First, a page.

1. PF Contest - Win "Conquering the Physics GRE" book! Click Here to Enter
    Dismiss Notice
Dismiss Notice
Join Physics Forums Today!
The friendliest, high quality science and math community on the planet! Everyone who loves science is here!

Reasons for error in percentage of oxygen in KClO3 lab

  1. Jan 26, 2016 #1
    1. The problem statement, all variables and given/known data

    I did this lab on percentage of oxygen in potassium chlorate and I got a percent error of about 30%. I now need to find three reasons for error, and human error does not count. I think one could be that the masses used in calculating the theoretical percentage of oxygen were all rounded off. Another could be that we did not allow all of the oxygen to burn away. Do those two make sense? Also, I need help with a third. My teacher said something about the fact that our lab was on the fourth floor of a building and the windows were all open, could that somehow lead to error? If so, how? Any help would be greatly appreciated. Thanks so much!!!


    1. Weigh a clean dry crucible and cover or Pyrex test tube.

    2. Obtain a sample of potassium chlorate, KClO3 , as directed by your instructor. Place about

    1.5 g of KClO3 in the weighed crucible, and reweigh. Use the same balance for all weighings

    of the same sample

    3. Place the crucible with KClO3 on a clay triangle and set the cover slightly ajar.

    4. Heat gently for 8 minutes, then strongly for 10 minutes. Be sure the inner-blue cone of the

    flame is just below the crucible bottom while you are heating strongly, and that the crucible bottom and/or clay triangle are heated to redness. Allow the crucible to cool to room temperature, which takes at least 10 minutes, and then weigh the crucible and residue.

    5. Heat, strongly, a second time for about 5 minutes, cool and weigh. If the weighings after the first and the second heatings are not the same, i.e. they differ by more than 0.02 g; repeat the process of heating and cooling and weighing as needed, until 2 successive weights agree (within +/- 0.02 g).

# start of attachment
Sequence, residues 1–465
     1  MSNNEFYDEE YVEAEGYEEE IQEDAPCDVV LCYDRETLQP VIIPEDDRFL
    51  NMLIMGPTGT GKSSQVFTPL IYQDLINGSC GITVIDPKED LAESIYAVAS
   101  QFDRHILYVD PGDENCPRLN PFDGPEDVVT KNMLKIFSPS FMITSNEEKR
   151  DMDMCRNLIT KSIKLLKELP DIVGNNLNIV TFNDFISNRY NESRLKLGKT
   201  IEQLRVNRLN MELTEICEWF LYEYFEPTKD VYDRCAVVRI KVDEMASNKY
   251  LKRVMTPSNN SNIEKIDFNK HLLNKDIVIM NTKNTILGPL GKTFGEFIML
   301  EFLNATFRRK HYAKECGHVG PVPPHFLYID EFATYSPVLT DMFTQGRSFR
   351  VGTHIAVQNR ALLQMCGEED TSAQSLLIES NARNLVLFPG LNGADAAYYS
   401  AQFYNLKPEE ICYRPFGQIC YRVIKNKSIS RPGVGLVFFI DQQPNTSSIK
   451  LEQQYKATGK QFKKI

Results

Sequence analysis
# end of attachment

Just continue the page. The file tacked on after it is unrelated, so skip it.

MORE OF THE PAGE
6. Calculate the experimental percentage of oxygen in KClO3 based on the final weight of container’s contents.
  2. jcsd
  3. Jan 26, 2016 #2


    User Avatar

    Staff: Mentor

    Wouldn't hurt to see your numbers. 30% plus or minus?

    Was the original compound dry, or could it be wet?
  4. Jan 26, 2016 #3
    It was dry, I believe. Here are my numbers:
    1. A. Mass of clean dry crucible 22.130
    2. B. Mass of crucible and KClO3 23.887
    3. C. Mass of crucible and contents after the first heating 23.441
    4. D. Mass of crucible and contents after the second heating 23.407
    5. E. Mass of crucible and contents after the third heating if needed 23.398

    1) Calculate the mass of KClO3 used. (From Data B-A)
    B - A
    23.887 - 22.130

    2) Calculate the mass of oxygen lost by heating (from data B- final heating)
    B -E
    23.887 - 23.398

    3) Calculate the experimental percentage of oxygen in KClO3
    __mass lost__ x 100 = calc 2/calc 1 x 100
    mass KClO3
    0.489/1.757 x 100 =

    4) Calculate the theoretical percentage of oxygen in KClO3 (from the chemical formula like we do in class).
    (O + O + O)/(K + Cl + O + O + O)
    (16 + 16 + 16)/(39 + 35 + 16 + 16 +16)

    5) Calculate the percentage error.
    Percentage Error = experimental value– accepted value x 100
    accepted value
    ((27.83 - 39.37)/39.34) x 100 =

    Thank you so much for you help!!
  5. Jan 26, 2016 #4


    User Avatar

    Staff: Mentor

    What effect would contaminants have?
Know someone interested in this topic? Share this thread via Reddit, Google+, Twitter, or Facebook

Have something to add?
Draft saved Draft deleted